This focus, however, underrates the many achievements and values of civilization and culture, and can cause disengagement from the pressing challenges posed by our ever-increasingly urban existence—challenges for which ecological thinking is vitally required if we are to find proper resolutions, not only for us but for all nature within and beyond the urban realm.
Landscape architects instead generally focus notably more on the merits of Jacob Bronowskian Ascent and Kenneth Clarkian Civilisation in our relationship with nature. They reason that as the only know civilised and self-reflective being, we are clearly here to take a different path to the rest of nature. So, exerting control upon it, simplifying it, abstracting from it, recombining it, and improving on it—all hold significant allure for the landscape architect, both emotionally and intellectually; indeed, these actions might even be considered to encapsulate our very purpose on Earth for landscape architects.
Such a focus, however, can create a blind eye to (or much reduced focus on): the concepts of natural limits on resources, the different responses and capacities of different parts of ecosystems to absorb anthropogenic environmental change, and our whims of intervention and on the intrinsic value of non-human life.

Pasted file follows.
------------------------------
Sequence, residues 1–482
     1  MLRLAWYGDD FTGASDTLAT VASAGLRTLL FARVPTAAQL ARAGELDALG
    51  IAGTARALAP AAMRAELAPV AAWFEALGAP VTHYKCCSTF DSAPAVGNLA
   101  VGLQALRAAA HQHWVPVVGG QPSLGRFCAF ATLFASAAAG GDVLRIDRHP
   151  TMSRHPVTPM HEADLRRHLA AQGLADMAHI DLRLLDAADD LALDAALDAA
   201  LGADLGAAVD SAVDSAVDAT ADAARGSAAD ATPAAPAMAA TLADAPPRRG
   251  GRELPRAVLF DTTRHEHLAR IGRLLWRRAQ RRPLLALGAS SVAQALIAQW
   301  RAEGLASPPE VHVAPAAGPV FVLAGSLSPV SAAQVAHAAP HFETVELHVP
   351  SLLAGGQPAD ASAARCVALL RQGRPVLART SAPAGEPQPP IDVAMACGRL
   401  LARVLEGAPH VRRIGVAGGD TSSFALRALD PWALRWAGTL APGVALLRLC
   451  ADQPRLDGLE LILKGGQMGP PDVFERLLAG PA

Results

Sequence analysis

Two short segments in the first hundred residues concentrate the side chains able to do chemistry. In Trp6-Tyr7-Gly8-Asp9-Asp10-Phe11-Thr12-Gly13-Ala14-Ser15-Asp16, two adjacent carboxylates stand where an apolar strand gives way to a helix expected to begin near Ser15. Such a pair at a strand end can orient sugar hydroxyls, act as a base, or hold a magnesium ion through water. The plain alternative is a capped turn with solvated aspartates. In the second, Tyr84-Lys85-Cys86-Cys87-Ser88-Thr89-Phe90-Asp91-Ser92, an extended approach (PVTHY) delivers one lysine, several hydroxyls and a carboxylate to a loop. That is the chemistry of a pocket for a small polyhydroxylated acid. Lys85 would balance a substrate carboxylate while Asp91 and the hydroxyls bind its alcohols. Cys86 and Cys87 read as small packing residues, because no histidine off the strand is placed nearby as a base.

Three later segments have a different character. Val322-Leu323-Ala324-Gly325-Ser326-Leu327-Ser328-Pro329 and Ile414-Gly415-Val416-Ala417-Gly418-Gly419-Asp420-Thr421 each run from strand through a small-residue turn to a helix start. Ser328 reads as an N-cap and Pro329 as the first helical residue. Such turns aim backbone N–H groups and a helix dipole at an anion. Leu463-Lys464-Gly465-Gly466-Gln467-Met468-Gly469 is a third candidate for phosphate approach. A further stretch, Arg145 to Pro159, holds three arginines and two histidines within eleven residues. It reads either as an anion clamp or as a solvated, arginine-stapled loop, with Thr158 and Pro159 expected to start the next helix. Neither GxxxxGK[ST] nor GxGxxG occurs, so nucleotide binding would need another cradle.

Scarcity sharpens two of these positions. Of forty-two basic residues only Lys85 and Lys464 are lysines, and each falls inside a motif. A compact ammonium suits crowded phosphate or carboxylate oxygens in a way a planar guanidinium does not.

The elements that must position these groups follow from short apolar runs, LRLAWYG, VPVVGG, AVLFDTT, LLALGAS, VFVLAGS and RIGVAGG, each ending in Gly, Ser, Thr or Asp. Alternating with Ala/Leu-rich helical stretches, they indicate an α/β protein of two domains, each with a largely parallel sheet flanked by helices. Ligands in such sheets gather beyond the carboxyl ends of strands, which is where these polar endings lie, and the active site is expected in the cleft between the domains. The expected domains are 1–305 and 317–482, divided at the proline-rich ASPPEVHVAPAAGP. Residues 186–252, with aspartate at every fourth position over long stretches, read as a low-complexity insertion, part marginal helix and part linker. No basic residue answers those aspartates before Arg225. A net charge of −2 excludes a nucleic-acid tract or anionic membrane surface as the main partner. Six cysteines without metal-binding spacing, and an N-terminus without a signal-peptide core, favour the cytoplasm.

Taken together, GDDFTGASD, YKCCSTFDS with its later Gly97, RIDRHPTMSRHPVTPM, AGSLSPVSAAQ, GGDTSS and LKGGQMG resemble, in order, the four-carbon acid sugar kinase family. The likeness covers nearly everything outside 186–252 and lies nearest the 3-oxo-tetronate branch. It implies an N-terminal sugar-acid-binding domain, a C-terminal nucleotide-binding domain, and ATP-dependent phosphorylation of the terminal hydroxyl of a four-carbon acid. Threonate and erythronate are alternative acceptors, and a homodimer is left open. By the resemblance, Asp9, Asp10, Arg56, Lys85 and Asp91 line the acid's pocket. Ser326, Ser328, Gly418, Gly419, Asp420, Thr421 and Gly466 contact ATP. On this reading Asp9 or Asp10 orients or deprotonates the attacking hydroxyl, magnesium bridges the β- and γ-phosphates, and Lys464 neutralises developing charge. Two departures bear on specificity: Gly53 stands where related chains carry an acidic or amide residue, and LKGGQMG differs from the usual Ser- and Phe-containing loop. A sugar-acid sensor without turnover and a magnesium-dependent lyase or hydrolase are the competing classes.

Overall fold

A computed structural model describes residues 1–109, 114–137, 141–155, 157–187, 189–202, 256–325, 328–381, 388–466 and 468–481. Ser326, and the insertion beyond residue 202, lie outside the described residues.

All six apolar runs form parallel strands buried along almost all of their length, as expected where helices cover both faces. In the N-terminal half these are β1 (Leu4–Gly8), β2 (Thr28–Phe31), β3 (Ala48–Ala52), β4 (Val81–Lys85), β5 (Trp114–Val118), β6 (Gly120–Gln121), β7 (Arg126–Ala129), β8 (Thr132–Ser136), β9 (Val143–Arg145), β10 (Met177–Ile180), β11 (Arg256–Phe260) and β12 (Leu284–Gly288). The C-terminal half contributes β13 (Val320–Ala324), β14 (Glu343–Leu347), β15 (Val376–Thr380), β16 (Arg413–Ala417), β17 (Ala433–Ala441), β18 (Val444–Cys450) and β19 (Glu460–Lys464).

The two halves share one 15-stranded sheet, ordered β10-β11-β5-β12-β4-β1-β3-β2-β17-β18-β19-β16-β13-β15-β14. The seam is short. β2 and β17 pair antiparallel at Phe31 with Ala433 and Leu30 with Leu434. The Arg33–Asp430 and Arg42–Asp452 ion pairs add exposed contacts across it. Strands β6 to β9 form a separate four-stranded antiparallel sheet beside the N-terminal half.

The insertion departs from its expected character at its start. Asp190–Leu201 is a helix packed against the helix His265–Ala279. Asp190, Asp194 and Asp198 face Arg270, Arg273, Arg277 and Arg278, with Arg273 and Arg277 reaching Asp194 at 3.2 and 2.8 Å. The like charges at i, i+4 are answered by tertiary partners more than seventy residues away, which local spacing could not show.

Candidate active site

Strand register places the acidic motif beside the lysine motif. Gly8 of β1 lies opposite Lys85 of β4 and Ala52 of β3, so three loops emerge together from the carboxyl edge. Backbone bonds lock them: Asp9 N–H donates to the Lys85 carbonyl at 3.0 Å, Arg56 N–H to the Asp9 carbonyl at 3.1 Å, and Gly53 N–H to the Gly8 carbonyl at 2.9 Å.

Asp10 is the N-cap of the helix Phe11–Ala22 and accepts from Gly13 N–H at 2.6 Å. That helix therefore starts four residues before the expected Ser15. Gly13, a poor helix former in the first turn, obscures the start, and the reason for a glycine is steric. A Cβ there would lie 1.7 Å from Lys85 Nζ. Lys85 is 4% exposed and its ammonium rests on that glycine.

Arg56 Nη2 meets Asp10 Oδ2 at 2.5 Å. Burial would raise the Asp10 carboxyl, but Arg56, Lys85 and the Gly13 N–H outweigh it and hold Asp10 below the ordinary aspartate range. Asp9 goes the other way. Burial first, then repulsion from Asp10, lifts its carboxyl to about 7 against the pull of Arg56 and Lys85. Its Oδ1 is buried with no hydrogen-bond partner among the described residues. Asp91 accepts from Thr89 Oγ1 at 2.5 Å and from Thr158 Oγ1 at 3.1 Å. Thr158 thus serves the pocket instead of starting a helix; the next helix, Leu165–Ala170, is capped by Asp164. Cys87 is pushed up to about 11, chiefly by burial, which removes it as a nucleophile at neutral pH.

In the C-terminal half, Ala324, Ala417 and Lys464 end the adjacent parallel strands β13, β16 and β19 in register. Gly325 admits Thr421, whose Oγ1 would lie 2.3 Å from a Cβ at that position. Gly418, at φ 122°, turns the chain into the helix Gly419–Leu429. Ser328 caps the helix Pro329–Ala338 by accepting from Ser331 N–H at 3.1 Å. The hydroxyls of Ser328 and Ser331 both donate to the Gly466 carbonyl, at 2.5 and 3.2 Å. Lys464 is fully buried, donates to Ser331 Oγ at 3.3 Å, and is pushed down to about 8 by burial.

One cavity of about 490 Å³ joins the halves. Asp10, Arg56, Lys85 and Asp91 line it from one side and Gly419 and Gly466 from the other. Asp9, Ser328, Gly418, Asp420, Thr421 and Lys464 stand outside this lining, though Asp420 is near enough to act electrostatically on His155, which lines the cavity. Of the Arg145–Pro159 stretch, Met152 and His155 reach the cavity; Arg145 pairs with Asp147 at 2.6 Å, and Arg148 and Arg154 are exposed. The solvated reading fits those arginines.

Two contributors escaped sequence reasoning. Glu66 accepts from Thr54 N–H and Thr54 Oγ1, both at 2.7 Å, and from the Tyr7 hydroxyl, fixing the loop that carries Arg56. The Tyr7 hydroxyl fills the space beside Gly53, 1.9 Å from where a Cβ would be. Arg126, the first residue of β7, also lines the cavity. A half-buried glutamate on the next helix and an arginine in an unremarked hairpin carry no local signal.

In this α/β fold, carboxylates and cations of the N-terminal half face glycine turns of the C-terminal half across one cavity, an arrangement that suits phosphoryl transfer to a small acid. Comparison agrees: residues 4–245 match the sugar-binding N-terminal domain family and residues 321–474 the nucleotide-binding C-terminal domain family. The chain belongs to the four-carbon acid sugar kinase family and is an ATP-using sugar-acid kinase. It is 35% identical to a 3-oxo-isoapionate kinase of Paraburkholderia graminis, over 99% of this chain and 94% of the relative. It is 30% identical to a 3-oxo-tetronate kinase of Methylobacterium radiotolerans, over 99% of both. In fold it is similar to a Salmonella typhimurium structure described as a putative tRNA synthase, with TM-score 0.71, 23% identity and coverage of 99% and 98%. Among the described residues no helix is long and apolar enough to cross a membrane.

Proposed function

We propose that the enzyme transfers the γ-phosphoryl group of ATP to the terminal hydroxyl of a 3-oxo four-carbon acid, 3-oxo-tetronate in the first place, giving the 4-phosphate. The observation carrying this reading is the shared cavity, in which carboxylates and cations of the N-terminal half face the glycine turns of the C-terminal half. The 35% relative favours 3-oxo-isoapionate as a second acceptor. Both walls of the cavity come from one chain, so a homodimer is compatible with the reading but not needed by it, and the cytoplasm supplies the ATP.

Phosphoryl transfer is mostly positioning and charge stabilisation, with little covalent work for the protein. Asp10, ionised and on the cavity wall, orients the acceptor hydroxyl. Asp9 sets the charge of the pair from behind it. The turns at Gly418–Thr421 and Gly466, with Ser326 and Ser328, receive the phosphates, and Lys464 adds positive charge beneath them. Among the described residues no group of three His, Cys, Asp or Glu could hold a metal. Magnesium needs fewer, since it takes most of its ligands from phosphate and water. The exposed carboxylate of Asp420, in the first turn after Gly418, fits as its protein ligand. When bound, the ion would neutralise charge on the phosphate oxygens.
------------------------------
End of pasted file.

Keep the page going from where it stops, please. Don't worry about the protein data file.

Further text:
Many who read this will be, like me, passionate believers in the merits of humankind and the “ascent of man”. We will revel in the achievements of culture, the arts, fine landscapes, fine music, fine food and drink, fine buildings and astonishing technologies—in short, appreciating all the best in human creative endeavour. We will wish for this “ascent” to continue.
Many of the same readers will have hearts that bleed at the pollution of the seas, the felling of the forests, and the mindless eradication of natural wonders and genetic libraries by human action and will want to reverse these depredations.
To achieve both goals, true synergy is needed between ecologists and landscape architects—and all other professions involved in both protecting and embellishing our world as a place of wonder and delight.
And for that to happen there is a pressing need for us all to develop a much deeper knowledge and respect of each other’s disciplinary lineages and value sets.
Give urban biodiversity a chance!